"I’m not insane about Brando for this. In fact, in my opinion he is quite wrong. But he’s a fine actor and if he’s really excited about it and will work like a beginner trying to get a start, he can be fine. He’s got to be hungry and anxious. The power to be that disappears with your picture on an ad.” - Elia Kazan’s letter to Bud Schulberg concerning the casting of Terry in “On The Waterfront
Marlon Brando photographed at the 27th Academy Awards holding his Oscar he won for his role as Terry Malloy in On The Waterfront

"I’m not insane about Brando for this. In fact, in my opinion he is quite wrong. But he’s a fine actor and if he’s really excited about it and will work like a beginner trying to get a start, he can be fine. He’s got to be hungry and anxious. The power to be that disappears with your picture on an ad.” - Elia Kazan’s letter to Bud Schulberg concerning the casting of Terry in “On The Waterfront

Marlon Brando photographed at the 27th Academy Awards holding his Oscar he won for his role as Terry Malloy in On The Waterfront


Marlon Brando in a studio publicity shot c. 1960s

Marlon Brando in a studio publicity shot c. 1960s

Francis Ford Coppola with Al Pacino and Marlon Brando behind the scenes of The Godfather (1972)

There was screen acting before Brando and after Brando, just as there was painting before Picasso and after Picasso…and even the casual observer can tell the difference. As film historian Molly Haskell pointed out, the film star’s legend “is written in one word. BRANDO. Like Garbo. Like Fido. An animal, a force of nature, an element; not a human being who must, as a member of society, distinguish himself from other members with a Christian name and an initial as well as a surname. There is only one Brando.” — Stefan Kanfer

There was screen acting before Brando and after Brando, just as there was painting before Picasso and after Picasso…and even the casual observer can tell the difference. As film historian Molly Haskell pointed out, the film star’s legend “is written in one word. BRANDO. Like Garbo. Like Fido. An animal, a force of nature, an element; not a human being who must, as a member of society, distinguish himself from other members with a Christian name and an initial as well as a surname. There is only one Brando.” — Stefan Kanfer

But the fact is, making movies is time out for me because the rest, the nearly complete whole, is what’s real for me. I’m not an actor and haven’t been for years. I’m a human being — hopefully a concerned and somewhat intelligent one — who occasionally acts.

But the fact is, making movies is time out for me because the rest, the nearly complete whole, is what’s real for me. I’m not an actor and haven’t been for years. I’m a human being — hopefully a concerned and somewhat intelligent one — who occasionally acts.

Marlon Brando didn’t win the Academy Award in 1951 for his acting in “A Streetcar Named Desire.” The Oscar went to Humphrey Bogart, for “The African Queen.” But you could make a good case that no performance had more influence on modern film acting styles than Brando’s work as Stanley Kowalski, Tennessee Williams’ rough, smelly, sexually charged hero.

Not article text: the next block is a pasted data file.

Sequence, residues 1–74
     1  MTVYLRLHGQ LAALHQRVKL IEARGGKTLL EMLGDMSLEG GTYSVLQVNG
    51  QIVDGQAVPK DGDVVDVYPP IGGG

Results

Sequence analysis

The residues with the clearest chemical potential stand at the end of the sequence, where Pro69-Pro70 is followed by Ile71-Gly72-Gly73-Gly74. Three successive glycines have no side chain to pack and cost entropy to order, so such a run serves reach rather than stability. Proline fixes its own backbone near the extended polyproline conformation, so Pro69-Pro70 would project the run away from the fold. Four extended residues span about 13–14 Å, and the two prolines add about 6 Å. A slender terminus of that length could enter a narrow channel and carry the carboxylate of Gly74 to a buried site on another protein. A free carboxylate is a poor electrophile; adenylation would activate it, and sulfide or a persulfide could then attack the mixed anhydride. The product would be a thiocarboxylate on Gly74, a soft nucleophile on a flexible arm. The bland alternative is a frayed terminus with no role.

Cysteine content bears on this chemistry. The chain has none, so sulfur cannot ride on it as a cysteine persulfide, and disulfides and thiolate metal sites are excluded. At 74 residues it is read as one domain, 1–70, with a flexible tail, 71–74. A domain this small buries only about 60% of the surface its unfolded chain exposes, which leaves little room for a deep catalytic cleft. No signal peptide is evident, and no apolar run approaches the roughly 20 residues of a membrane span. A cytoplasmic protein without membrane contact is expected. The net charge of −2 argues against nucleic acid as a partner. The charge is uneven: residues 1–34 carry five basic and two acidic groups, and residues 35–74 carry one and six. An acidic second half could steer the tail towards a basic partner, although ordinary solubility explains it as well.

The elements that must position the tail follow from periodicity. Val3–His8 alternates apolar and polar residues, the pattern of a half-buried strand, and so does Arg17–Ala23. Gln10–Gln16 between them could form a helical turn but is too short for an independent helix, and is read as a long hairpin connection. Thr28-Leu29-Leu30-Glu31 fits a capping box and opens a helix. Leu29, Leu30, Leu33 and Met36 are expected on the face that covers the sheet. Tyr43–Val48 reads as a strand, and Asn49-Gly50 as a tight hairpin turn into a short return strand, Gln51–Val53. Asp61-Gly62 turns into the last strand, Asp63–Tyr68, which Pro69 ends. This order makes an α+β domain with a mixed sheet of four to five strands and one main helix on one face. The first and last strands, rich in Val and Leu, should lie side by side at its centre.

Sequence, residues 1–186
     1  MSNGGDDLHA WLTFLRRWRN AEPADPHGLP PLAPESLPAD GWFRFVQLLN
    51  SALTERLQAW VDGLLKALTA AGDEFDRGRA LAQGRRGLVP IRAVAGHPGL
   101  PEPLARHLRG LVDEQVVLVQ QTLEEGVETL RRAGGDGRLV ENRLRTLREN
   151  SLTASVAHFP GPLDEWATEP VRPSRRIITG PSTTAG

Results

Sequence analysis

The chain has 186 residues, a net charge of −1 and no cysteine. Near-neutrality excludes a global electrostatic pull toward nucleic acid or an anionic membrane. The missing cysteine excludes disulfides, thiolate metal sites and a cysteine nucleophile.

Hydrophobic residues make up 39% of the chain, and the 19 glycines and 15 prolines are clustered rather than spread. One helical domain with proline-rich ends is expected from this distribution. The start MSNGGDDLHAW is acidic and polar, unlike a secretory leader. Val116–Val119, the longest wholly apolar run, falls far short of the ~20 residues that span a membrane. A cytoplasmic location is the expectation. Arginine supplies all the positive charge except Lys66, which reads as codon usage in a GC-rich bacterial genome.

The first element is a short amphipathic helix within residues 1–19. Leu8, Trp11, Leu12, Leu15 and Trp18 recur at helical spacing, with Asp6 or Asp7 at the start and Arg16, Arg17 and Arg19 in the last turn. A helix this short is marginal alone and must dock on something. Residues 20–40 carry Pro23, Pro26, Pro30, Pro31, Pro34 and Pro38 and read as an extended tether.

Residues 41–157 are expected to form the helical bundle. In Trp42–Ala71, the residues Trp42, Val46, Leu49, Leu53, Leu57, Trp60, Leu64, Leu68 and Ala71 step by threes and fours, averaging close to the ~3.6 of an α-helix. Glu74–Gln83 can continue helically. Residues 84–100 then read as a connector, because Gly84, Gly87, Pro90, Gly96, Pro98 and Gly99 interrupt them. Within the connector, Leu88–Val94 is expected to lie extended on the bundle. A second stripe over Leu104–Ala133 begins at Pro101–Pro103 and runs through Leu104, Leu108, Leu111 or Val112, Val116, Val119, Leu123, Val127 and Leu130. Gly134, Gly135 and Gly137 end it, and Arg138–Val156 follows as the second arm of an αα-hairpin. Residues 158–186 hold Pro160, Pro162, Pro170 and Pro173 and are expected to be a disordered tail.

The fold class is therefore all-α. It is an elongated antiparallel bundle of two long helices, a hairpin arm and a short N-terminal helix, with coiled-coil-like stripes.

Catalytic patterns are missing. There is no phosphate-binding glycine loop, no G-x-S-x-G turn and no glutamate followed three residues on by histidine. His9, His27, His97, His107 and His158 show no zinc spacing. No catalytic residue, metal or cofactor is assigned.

Before this role, there was usually a certain restraint in American movie performances. Actors would portray violent emotions, but you could always sense to some degree a certain modesty that prevented them from displaying their feelings in raw nakedness. 
Brando held nothing back, and within a few years his was the style that dominated Hollywood movie acting. — Roger Ebert 

Marlon Brando didn’t win the Academy Award in 1951 for his acting in “A Streetcar Named Desire.” The Oscar went to Humphrey Bogart, for “The African Queen.” But you could make a good case that no performance had more influence on modern film acting styles than Brando’s work as Stanley Kowalski, Tennessee Williams’ rough, smelly, sexually charged hero.

Before this role, there was usually a certain restraint in American movie performances. Actors would portray violent emotions, but you could always sense to some degree a certain modesty that prevented them from displaying their feelings in raw nakedness.

Brando held nothing back, and within a few years his was the style that dominated Hollywood movie acting. — Roger Ebert 

George Bernard Shaw said that thinking was the greatest of all human endeavours, but I would say that feeling was. Allowing yourself to feel things, to feel love or wrath, hatred, rage.

George Bernard Shaw said that thinking was the greatest of all human endeavours, but I would say that feeling was. Allowing yourself to feel things, to feel love or wrath, hatred, rage.

tedbunny:

Photographer Mary Ellen Mark and Marlon Brando on the “Apocalypse Now” set, Pagsanjan, Philippines, 1976 by Stefani Kong Uhler. 

tedbunny:

Photographer Mary Ellen Mark and Marlon Brando on the “Apocalypse Now” set, Pagsanjan, Philippines, 1976 by Stefani Kong Uhler. 

onlybrando:

Marlon Brando with crew members on the set of “On The Waterfront” Circa 1954.

onlybrando:

  • Marlon Brando with crew members on the set of “On The Waterfront” Circa 1954.
“He was like a big kid, too. I’ve met a few geniuses in my time and Marlon Brando was one of them. And not necessarily because he was such a wonderful actor, but just because of what he thought about, what he talked about and what he was interested in. Aside from that, he was like a big kid, he was irresponsible, although he was also very good, like a gifted child.”
— Francis Ford Coppola (x)